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What's the Beef?

Carcinogenicity from cooked meats

Melissa Lock

Fall 2005

carcinogen carcinogenicity cook meat hca heterocyclic amine    Research shows that chicken may not necessarily be a healthier alternative to beef. Whether you eat chicken, beef, or pork, chances are that any type of cooked meat contains a number of chemical carcinogens. Worldwide research indicates that cooking meats at high temperatures creates carcinogenic chemicals that are absent in uncooked meats. These chemicals called heterocyclic amines (HCAs), form in a variety of meats including pork, beef, fish, and fowl.

    The National Toxicology Program, a division of the National Institutes of Health, has recently added three HCAs (2-ami- no-3,4-dimethlimidazo[4,5-f]quinoline (MeIQ), 2-amino-1-methyl-6-phenylimid- azo[4,5-b]pyridine (PhIP), and 2-amino-3,8-dimethylimidazo[4,5-f]quinoxaline (MeIQx)) to their list of potential human chemical carcinogens. Although the cooking methodology, type of food preparation, and cooking time all contribute to the amount of carcinogens produced in the meat, these chemicals are primarily the result of cooking at high temperatures.

    HCAs, produced by cooking muscle meats, are formed from their amino acid precursors. Researchers at the Lawrence Livermore National Laboratories in Livermore, California, mixed phenylalanine and creatine (both naturally present in animal muscle) to reflect the proportion of both amino acids normally present in raw beef. By dry-heating the mixture at 200C, the researchers found that PhIP was produced in similar amounts to those amounts formed from cooking beef on a grill. Another study conducted by the National Cancer Institute’s research labs found that the amount of HCAs increased threefold in meats when the cooking temperature was raised from 200C to 250C. Michael Malfatti, PhD, who has been investigating HCAs at the laboratories for over 13 years, articulates that “the correlation is that the longer and hotter you cook your food, the more HCAs are formed. Therefore, the more heat that is applied, the more HCAs will be formed.”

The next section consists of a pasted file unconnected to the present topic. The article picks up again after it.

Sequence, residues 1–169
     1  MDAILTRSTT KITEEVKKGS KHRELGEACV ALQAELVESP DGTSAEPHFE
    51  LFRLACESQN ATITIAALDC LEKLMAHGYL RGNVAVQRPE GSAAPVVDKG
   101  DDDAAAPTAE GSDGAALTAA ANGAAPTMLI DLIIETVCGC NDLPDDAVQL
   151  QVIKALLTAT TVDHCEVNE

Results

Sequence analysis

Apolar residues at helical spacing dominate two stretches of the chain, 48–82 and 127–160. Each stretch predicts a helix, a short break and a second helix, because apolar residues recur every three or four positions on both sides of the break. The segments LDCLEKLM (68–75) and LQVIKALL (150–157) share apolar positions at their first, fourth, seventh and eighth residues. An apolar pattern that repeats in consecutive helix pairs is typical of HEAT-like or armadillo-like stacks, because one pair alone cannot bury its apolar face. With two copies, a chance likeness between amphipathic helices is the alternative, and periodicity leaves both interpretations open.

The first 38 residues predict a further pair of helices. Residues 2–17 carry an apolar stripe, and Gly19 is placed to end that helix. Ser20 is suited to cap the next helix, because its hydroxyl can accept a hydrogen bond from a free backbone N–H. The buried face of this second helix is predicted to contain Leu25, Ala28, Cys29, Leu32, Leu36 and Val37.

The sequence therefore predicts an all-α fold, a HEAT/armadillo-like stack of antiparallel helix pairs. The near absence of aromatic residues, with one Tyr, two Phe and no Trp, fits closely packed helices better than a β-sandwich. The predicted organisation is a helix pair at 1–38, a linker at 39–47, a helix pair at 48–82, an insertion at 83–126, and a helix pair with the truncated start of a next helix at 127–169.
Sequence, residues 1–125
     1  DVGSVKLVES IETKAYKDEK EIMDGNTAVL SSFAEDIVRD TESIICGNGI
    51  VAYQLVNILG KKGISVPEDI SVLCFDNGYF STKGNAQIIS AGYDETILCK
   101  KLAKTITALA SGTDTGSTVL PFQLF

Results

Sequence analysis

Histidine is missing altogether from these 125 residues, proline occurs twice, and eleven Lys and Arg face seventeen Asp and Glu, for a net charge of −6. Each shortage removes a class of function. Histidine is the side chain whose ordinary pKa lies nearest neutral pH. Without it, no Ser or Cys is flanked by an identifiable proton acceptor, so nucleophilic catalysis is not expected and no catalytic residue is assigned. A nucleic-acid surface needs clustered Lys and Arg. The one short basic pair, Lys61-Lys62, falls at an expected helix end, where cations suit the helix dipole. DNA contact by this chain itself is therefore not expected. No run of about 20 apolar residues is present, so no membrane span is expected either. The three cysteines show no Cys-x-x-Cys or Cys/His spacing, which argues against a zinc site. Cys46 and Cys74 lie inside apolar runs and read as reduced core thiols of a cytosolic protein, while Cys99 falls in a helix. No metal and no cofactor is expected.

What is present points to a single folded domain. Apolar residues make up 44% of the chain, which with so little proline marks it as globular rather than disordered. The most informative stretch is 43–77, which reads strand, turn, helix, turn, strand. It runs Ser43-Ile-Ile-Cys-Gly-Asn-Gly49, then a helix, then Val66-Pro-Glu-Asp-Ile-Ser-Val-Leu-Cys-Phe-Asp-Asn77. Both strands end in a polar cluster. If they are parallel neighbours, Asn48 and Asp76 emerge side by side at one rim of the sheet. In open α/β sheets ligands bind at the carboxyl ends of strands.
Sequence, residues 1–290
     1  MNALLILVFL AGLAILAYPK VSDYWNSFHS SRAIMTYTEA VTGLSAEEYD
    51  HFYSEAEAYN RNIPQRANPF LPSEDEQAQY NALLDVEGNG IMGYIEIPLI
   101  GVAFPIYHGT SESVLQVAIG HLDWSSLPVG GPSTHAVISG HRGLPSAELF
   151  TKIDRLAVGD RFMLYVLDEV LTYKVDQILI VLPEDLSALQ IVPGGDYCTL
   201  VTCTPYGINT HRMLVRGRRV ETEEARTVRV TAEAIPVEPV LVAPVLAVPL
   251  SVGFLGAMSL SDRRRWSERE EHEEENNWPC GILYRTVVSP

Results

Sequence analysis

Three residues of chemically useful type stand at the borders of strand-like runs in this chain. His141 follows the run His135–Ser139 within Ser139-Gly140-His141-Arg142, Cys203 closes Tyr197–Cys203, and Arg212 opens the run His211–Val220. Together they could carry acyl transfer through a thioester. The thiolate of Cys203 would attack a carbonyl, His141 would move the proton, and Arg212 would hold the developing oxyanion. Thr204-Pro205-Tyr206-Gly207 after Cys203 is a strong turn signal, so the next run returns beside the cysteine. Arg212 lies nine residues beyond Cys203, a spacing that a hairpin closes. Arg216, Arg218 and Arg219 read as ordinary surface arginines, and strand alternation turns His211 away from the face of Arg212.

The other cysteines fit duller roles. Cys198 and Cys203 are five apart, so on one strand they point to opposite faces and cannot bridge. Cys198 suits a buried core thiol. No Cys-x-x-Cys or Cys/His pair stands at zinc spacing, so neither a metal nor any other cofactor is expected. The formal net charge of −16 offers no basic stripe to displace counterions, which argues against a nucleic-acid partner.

Since frying, broiling, and barbequing involve cooking at very high temperatures, they are considered to be the cooking methods that produce the largest amounts of HCAs. Dr. Malfatti emphasizes that “any cooking method that uses high temperatures [from] 200 C - 300 C will form them.” Other methods of cooking that involve lower temperatures (e.g. basting and roasting) produce a lower amount of HCAs.

    Cooking meats in water is a different story. “Stewing, poaching, and boiling produce little to no amounts of HCAs because they involve cooking temperatures at or below 100C. You can never make the temperature go higher than the boiling point of water,” says Leonard Bjeldanes, PhD, of the University of California, Berkeley. “Because it can’t heat up as high, the metabolic activation of these carcinogens will not occur.” It is important, however, to point out that this does not include pressure cooking, which does allow water to boil over 100C.

    So what do HCAs actually do? HCAs are known to cause irreversible damage to DNA. Dr. Malfatti confesses that although many researchers have dedicated their entire careers to studying the multi-step mechanism, it is still not yet fully understood. “HCAs are pro-carcinogens, which means they need to be metabolized to become bioactive. Once metabolized, the bioactive metabolites can bind to DNA and cause mutations. If you get enough mutations and cell proliferation, tumors can form.”

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